WHAT'S THE LAW?
Vital citation error could dismiss case
If the issuing officer wrote the wrong information on the citation, is this grounds for dismissal of the ticket?
Answer: According to Ray Gurczynski, Legal Aid's affordable-lawyers project attorney, the type of error made by the citing officer would determine whether the court would dismiss the matter. The more serious the factual or legal error (e.g., entering the wrong date of the incident, citing the wrong offense, a number of serious errors entered on the ticket, etc.), the more likely the court is inclined to dismiss the case early in the proceedings. Conversely, minor or insignificant factual or legal errors would likely not lead to a dismissal. In addition, the seriousness of the charge, and the number of repeat offenses of the same charge, would affect at what point the court would be inclined to dismiss the charge (e.g., a DUI versus a parking ticket).
Q: My mother is in her 90s, suffers from Alzheimer's and is in a care home (intermediary care). 1) How do I go about getting "legal guardianship" for my mother? Does guardianship give one authority to decide health directives, financial responsibility, etc.? 2) I think I will need to go to Family Court. Do you provide such assistance?
A: According to Heather Brown, Legal Aid-Maui staff attorney: You must file a petition with the Family Court to obtain guardianship over someone. You will have to give your adult siblings (if any), your father (if living) and your mother notice that you are asking the court to appoint you as guardian.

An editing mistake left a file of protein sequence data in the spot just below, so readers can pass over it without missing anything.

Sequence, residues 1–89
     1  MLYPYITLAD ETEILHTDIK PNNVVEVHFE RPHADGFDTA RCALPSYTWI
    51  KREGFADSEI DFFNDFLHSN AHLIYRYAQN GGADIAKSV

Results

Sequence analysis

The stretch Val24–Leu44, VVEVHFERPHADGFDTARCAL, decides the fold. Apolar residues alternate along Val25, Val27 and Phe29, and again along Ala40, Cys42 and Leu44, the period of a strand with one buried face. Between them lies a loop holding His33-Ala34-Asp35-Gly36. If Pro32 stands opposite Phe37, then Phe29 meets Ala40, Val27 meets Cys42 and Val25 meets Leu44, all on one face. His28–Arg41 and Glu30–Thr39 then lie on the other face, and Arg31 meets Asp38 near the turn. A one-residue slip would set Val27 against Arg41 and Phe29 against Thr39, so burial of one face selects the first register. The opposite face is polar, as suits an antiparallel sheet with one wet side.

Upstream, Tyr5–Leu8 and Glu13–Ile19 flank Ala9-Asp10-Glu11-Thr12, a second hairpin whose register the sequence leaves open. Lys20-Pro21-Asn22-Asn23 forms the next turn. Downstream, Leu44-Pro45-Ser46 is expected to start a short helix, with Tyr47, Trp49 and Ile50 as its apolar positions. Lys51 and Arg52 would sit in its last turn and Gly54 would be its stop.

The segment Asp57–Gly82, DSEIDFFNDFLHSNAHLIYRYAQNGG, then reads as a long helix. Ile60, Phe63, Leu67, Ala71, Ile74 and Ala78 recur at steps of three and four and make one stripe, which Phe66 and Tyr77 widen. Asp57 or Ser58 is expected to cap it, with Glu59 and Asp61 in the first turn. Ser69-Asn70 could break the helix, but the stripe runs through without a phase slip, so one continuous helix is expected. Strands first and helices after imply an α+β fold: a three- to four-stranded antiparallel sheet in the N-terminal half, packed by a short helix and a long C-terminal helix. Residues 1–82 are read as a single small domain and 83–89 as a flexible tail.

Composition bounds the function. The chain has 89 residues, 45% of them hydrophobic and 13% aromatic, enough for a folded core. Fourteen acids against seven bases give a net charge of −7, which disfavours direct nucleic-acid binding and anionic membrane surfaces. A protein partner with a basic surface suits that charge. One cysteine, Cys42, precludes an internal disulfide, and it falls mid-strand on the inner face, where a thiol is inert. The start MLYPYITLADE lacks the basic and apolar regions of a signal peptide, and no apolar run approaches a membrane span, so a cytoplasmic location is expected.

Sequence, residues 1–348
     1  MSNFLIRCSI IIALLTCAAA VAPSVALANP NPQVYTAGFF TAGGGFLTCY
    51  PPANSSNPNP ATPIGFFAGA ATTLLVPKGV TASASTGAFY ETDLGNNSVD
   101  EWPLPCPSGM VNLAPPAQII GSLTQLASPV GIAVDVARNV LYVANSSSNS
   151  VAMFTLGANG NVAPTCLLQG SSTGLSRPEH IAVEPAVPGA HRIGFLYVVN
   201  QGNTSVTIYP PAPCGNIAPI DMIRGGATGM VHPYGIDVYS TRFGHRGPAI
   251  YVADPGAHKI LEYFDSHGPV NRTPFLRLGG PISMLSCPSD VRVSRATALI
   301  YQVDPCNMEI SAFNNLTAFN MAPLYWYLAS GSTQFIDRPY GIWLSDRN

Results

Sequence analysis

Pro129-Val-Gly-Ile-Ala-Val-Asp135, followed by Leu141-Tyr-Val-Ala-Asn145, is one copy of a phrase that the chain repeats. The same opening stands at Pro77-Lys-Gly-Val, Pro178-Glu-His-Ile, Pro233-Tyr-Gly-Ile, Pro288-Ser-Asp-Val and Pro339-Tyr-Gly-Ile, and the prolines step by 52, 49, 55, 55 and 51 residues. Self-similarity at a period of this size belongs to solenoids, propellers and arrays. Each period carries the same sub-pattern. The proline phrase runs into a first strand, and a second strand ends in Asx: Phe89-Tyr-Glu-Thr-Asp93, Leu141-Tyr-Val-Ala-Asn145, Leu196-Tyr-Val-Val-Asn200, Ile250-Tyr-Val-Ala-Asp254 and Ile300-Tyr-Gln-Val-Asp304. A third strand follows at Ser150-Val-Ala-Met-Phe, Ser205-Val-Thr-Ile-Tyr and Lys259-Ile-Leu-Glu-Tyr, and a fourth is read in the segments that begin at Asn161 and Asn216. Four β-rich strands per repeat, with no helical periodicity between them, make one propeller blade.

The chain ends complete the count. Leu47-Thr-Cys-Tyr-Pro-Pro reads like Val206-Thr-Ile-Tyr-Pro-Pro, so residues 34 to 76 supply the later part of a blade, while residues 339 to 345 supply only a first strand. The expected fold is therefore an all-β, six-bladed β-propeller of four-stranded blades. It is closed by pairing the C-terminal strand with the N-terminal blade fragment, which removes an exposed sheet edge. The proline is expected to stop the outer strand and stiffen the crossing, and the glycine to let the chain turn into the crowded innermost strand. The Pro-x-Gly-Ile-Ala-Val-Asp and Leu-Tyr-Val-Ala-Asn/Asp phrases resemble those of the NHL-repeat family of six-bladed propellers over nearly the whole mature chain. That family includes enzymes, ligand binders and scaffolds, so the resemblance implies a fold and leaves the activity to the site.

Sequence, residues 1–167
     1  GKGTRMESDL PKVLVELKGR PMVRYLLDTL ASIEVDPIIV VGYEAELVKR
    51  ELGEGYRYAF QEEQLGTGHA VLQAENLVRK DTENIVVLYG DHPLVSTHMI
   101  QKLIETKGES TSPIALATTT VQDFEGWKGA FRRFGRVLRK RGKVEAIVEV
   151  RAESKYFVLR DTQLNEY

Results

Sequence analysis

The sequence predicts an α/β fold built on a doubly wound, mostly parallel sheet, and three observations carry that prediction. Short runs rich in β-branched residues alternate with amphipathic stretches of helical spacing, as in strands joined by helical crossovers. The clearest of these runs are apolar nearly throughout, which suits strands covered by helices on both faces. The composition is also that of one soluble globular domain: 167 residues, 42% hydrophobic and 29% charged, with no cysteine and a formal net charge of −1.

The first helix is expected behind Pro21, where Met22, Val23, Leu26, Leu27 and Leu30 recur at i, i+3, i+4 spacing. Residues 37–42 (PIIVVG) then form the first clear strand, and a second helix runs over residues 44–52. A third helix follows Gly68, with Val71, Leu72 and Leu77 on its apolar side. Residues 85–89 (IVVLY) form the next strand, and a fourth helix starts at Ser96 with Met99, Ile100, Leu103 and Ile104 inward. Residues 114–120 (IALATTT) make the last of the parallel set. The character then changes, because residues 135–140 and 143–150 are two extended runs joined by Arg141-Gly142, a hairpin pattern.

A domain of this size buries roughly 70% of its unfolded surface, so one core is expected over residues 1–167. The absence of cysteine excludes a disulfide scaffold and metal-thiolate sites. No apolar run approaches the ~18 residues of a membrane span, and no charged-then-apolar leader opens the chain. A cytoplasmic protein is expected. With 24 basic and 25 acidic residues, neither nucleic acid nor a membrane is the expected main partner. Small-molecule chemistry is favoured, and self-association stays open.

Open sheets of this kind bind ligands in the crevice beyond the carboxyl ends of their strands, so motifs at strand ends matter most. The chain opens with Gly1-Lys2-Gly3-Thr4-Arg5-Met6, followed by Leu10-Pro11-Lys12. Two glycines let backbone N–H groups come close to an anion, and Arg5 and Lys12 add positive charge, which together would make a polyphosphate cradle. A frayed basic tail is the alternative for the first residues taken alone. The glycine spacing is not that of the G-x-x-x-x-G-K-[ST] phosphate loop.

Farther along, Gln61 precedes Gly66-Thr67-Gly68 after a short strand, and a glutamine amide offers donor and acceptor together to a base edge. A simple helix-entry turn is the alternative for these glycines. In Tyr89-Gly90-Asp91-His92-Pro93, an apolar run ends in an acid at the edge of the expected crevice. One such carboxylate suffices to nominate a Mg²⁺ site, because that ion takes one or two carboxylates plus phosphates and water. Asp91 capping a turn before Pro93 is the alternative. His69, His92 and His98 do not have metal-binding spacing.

If anyone disagrees with you being guardian, you will need to show the court why you should be the guardian. If you win and the court appoints you as guardian, you will have the authority to make the same health, financial and other decisions for your mother that she would have made for herself before. The Legal Aid Society does provide assistance with uncontested guardianships.
Legal Aid Society of Hawaii
operates statewide. Practice areas include housing, public benefits, consumer and family law but not criminal law. For information, call 536-4302. Submit questions by e-mail to firstname.lastname@example.org
or by U.S. mail to Legal Aid Q&A, 924 Bethel St., Honolulu, HI 96813.